A new study published in the journal, Hypertension, shows that a child who is overweight is at risk of high blood pressure, three times more than an average weight child. In this study 1,111 children were followed up for an average of four years. Height weight and blood pressure of the participating children were measured twice a year. About 45% of the children in the study were above the 85th percentile in the growth chart, which is considered to be overweight.
The results of the study shows that 14% of children who were overweight had high blood pressure when compared to normal weight children, among whom only 5% elevated blood pressure. The study also reports that the extra weight is especially dangerous for those children who are already big in stature.
Researcher Wanzhu Tu, PhD, a research scientist at Regenstrief Institute and professor of biostatistics at Indiana University School of Medicine, Indianapolis, even a small increase in the body mass index of the overweight or obese children leads to an increase in the blood pressure. “In the same way, loss of weight in these children provides benefits in terms of decreasing the blood pressure," Tu adds. The risk remained the same irrespective of the child’s gender or race.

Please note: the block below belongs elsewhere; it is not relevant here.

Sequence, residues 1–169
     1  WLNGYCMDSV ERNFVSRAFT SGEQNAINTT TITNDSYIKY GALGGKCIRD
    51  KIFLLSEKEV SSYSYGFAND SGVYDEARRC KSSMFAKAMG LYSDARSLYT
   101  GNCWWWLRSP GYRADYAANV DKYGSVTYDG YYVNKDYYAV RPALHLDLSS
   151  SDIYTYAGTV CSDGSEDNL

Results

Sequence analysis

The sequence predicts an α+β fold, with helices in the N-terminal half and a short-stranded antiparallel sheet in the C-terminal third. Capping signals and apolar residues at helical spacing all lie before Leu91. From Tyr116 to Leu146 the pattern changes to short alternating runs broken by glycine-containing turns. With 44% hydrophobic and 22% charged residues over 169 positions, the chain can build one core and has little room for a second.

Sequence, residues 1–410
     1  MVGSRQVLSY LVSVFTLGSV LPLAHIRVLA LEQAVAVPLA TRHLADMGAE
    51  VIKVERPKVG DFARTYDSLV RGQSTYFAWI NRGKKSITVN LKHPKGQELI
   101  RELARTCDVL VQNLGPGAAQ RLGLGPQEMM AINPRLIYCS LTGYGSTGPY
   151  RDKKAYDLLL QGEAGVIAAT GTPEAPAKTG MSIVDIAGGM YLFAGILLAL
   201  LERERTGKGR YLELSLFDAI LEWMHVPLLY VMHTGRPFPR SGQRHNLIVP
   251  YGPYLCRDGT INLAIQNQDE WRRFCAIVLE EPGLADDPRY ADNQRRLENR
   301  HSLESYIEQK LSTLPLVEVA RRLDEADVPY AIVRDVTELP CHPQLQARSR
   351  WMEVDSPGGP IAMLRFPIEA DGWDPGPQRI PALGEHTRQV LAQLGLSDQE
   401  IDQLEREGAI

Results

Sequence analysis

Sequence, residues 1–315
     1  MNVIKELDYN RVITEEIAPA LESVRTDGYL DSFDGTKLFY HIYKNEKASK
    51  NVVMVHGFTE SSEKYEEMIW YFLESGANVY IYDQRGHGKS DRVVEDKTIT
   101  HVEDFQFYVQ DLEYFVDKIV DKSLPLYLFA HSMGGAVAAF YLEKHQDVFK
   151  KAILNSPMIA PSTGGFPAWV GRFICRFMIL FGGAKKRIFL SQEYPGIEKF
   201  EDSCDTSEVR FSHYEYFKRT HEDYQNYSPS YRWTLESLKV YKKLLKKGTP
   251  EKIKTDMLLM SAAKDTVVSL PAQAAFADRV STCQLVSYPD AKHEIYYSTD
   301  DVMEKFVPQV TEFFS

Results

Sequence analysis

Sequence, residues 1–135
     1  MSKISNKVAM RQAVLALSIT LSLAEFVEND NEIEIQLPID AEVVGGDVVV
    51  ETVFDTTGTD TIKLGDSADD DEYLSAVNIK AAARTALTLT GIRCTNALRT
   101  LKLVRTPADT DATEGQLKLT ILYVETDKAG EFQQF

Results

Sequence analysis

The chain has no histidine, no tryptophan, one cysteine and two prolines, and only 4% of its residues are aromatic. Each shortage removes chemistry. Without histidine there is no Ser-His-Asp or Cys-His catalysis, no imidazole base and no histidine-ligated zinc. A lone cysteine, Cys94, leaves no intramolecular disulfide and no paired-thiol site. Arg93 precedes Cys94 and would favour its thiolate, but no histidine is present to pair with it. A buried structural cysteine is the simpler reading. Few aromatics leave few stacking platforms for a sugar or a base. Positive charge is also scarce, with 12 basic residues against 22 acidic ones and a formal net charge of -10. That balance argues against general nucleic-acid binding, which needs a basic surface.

Stephen R. Daniels, MD, PhD, chairman of the department of pediatrics at the University of Colorado School of Medicine in Denver, feels that the results of the study is a wake up call for all the pediatricians as overweight children were considered to be lower-risk category and doctors need to worry about these children. Other experts feel that the findings are really concerning as an elevated blood pressure in children increases the health complications.
Children who have a high blood pressure are known to develop into adults with increased blood pressure and moreover, elevated blood pressure in kids may lead to organ damage like the heart, blood vessels and the kidneys. According to another study, high blood pressure in kids may affect attention, problem solving, and memory.
Bonita Falkner, MD, professor of medicine and pediatrics at Thomas Jefferson University in Philadelphia, feels that doctors should consider the childhood origins of adult diseases more seriously and this is a risk that is now rather in the future.